The cost of taking care of a tree is a lot less than that of ripping it out, especially a large one, White said.

Meanwhile, city and county parks officials are also fighting to save trees. They’ve got quite a fight on their hands.

The Bakersfield Recreation and Parks Department maintains 59 parks and 160 miles of streetscape, according to Director Dianne Hoover. It’s battling an increase in the number of dead or dying trees there, most commonly non-native and non-drought tolerant varietals such as Coastal Redwood, Liquidamber, Flowering Plum, and White Alder.

Since the beginning of the year, Hoover said, approximately 900 dead trees have been removed citywide. She said staffers have identified an additional 1,000 trees believed to be impacted by the drought and may need to be removed in coming months, pending further evaluation.

“These figures represent approximately 2.2 percent of the total tree population that the city maintains,” Hoover said.

The city is evaluating different drought-tolerant replacement options for the areas where trees were removed.

Bob Lerude, Kern County Parks and Recreation director, said the drought’s impact on trees in county parks seems to have grown more pronounced in just the last month.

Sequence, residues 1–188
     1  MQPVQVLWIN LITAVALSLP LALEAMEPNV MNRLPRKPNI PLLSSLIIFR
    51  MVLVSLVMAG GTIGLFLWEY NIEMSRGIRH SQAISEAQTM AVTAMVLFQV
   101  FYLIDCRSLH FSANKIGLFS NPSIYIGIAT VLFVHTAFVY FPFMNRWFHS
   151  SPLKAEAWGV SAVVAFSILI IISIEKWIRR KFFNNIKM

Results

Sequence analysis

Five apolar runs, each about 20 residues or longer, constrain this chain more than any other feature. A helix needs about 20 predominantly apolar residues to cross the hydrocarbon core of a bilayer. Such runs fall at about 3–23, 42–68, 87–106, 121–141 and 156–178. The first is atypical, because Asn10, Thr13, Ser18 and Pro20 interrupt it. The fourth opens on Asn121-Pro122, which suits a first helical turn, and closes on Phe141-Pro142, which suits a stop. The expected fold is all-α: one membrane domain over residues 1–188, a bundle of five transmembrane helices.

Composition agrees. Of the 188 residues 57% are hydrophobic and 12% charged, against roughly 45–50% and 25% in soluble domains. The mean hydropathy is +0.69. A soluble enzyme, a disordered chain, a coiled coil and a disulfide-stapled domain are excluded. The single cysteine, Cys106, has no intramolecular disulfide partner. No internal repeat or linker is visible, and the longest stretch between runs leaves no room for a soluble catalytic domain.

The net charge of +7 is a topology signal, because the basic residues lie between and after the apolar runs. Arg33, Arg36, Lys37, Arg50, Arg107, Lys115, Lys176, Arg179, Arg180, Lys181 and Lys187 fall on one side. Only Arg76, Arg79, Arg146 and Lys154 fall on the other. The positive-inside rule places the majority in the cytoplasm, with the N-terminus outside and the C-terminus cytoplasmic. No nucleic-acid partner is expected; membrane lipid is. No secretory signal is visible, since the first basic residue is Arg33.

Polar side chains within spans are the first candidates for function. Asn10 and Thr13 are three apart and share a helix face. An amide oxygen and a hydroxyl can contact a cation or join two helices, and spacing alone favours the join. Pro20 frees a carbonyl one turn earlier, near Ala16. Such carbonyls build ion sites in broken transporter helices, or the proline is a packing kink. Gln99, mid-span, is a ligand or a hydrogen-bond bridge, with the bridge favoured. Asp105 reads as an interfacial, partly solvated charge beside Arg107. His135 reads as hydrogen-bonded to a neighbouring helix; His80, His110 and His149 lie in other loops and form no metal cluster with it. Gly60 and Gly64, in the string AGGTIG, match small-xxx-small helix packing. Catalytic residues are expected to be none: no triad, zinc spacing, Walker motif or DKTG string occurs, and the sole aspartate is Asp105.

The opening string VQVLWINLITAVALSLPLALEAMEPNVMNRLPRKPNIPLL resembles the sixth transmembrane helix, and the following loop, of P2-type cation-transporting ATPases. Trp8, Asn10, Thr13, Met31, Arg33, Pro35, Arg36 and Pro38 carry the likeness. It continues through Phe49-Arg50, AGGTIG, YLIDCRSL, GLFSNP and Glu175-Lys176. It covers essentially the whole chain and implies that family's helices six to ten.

“(Tree deaths) haven’t become a problem yet, but I have been by some places where the trees are starting to stress, no question,” Lerude said.

You can tell, he said, by the early loss of leaves. He’s told staff to turn up the water in some areas.

But that won’t work everywhere.

There’s no irrigation at Tehachapi Mountain Park, where a huge bark beetle infestation exacerbated by the drought has killed a lot of pine trees. He couldn’t put a number to it, but said it’s “a lot.”

The department had a timber harvester take down a lot of dead trees and some healthy ones that were competing for water, “but we’ve still lost a lot of pines up there over the last eight years of the drought,” Lerude said.

As for California’s forests, it was estimated this past spring that they’ve lost 12 to 13 million trees in the past year due to the drought, said Glenn Barley, regional resource manager for the California Department of Forestry and Fire Protection.

That includes Oaks along Highway 58 toward Tehachapi and to a much greater degree, pines in the Sierra from Tehachapi up to Tuolumne and Calaveres counties.

The drought has made the pines more susceptible to the bark beetle, which chew under bark, lay eggs and end up interfering with the system that moves water up into branches and nutrients into the root system.

And there’s little forest officials can do on a landscape level to combat it. Mother Nature is going to have to help out, Barley said.

“It will take a couple years of normal to above-normal precipitation to bring things back,” he said.

There’s one thing individuals can do for the forest, Barley said: Remove dead trees near houses to reduce their “significant” fire threat.

He said they can talk out their options with the California Department of Forestry or Kern County Fire Department, though financial help is not available.